In Class With Professor CM Burroughs, Columbia College Chicago
A primary mission of Frontier is to provide high quality resources and practical help for serious poets—so we’ve been reaching out to poetry professors to help give clarity to this strange journey and stranger craft. This month, we got the chance to hear from CM Burroughs, Associate Professor of Poetry at Columbia College Chicago.
What features do you believe define contemporary poetry today?
CM Burroughs: Thankfully, diversity is the most important feature of contemporary poetry. Over the last several decades, all ethnicities of writers have infiltrated a historically homogenous canon and incrementally enhanced what will become a more inclusive canon for readers and writers to come. Gwendolyn Brooks’s “We Real Cool” will not be one of the few poems by a writer of color taught in high school classrooms, as was the case for me. Brooks will be one of the many writers to represent the diversity vital to a wholistic comprehension of poetry reading and writing.
What are the most common pitfalls you see students falling into as beginner writers?
Students fall into the trap of writing without interrogating the urgencies of their subjects. It is important for a beginner to understand what is most urgent/vital/important for them to write about and to be factually clear about their subject. A beginner ought to be able to answer the question, “What is this poem about?” Second in importance is to discover how to communicate this urgent and clarified subject to a reader. This requires the poet step outside of herself to conceive the nudity with which a reader comes to the page and understand how to guide a reader through the poem. It’s very easy to write these instructions here, but the execution is extremely difficult and requires a great deal of study and practice. The divide between writer and reader can be a chasm if the writer does not understand what and how the poem needs to communicate to the reader. An easy analogy to understanding how to close this divide is driving from one destination to another. A person doesn’t simply climb into the car and instantly arrive to their destination by magic; there are clear steps, visual cues, instructions, etc., that allow the person to begin with the idea of a destination, excavate each detail that it takes to get there, and reach the destination.
What is the most common piece of writing advice you find yourself giving your students?
I tell my students that in order to write well they must also read well. I have many students who surprise me with how much and how often they read, pulling unassigned books out of their packs in class to share with peers. Every now and then my students introduce me to new poets, up-and-coming contemporary poets. It’s a wonderful exchange. These students become better writers because they understand more of what is possible in writing poetry. I believe it breeds a sense of adventure and imbues them with a desire to meet their contemporaries in literature, communicating through their own construction of verse. Reading, the act of it, does not come easy given the interwebs’ far-reaching influence. Societally, we’ve unintentionally trained ourselves and our attentions spans far from the energies it takes to consume short-form and long-form literature. We must train to read as we train for any marathon, becoming more skilled over time.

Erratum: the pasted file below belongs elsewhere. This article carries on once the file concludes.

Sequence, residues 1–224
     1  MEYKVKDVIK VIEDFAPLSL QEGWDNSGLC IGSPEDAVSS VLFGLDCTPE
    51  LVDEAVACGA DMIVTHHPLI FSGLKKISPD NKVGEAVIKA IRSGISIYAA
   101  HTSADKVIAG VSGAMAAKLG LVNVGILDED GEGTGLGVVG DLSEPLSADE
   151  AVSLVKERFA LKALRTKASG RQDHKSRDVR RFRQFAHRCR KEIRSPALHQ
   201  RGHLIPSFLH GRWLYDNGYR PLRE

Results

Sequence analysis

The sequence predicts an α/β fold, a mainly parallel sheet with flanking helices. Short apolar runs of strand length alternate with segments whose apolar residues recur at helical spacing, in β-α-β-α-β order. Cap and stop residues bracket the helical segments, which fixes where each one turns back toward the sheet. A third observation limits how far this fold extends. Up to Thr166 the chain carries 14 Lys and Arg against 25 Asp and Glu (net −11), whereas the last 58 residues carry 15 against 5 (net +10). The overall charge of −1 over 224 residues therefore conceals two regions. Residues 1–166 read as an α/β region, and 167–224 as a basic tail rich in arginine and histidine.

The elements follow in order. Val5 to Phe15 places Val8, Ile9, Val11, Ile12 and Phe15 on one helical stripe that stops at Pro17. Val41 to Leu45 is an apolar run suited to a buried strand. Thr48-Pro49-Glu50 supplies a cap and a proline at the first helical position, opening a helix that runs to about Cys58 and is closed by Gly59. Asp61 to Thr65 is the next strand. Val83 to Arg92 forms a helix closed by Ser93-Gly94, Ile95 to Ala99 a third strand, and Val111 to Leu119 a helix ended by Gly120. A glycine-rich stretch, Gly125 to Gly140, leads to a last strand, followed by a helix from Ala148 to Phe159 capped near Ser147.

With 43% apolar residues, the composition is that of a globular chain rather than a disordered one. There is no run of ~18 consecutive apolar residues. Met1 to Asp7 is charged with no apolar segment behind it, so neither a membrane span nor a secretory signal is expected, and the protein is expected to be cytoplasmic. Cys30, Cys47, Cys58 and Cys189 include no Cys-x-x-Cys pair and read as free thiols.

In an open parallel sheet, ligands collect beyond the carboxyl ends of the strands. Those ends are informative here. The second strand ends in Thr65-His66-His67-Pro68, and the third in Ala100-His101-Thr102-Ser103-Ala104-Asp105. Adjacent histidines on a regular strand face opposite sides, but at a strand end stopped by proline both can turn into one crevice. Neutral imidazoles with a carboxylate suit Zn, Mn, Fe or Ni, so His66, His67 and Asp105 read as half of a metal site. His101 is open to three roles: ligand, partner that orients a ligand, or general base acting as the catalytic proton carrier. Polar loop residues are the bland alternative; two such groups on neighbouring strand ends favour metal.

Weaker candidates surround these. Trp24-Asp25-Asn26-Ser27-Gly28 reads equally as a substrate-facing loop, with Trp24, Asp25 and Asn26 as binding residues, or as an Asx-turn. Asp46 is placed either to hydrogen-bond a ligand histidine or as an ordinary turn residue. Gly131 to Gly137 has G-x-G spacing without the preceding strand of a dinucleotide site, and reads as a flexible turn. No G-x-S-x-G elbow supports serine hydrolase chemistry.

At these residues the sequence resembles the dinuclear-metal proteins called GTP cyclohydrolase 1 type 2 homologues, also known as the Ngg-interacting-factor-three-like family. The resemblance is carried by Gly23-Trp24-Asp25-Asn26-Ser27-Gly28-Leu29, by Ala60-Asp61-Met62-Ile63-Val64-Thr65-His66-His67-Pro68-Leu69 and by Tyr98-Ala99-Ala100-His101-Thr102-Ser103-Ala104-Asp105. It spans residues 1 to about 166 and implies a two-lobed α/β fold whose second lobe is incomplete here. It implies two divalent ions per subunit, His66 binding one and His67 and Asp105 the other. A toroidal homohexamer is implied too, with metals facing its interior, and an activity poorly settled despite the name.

What book of poetry / craft would you always recommend to new poets?
I recommend Richard Hugo’s The Triggering Town and Mary Oliver’s A Poetry Handbook, primarily because they are accessible texts, and both relay important foundational knowledge from which more complex knowledge can be built.
CM Burroughs is Associate Professor of Poetry at Columbia College Chicago. She is the author of two collections: The Vital System (Tupelo Press, 2012) and Master Suffering (Tupelo Press, 2021.) Burroughs has been awarded fellowships and grants from Yaddo, the MacDowell Colony, Djerassi Foundation, Virginia Center for the Creative Arts, and Cave Canem Foundation. She has received commissions from the Studio Museum of Harlem and the Warhol Museum to create poetry in response to art installations. Burroughs’ poetry has appeared in journals and anthologies including Poetry magazine, Cal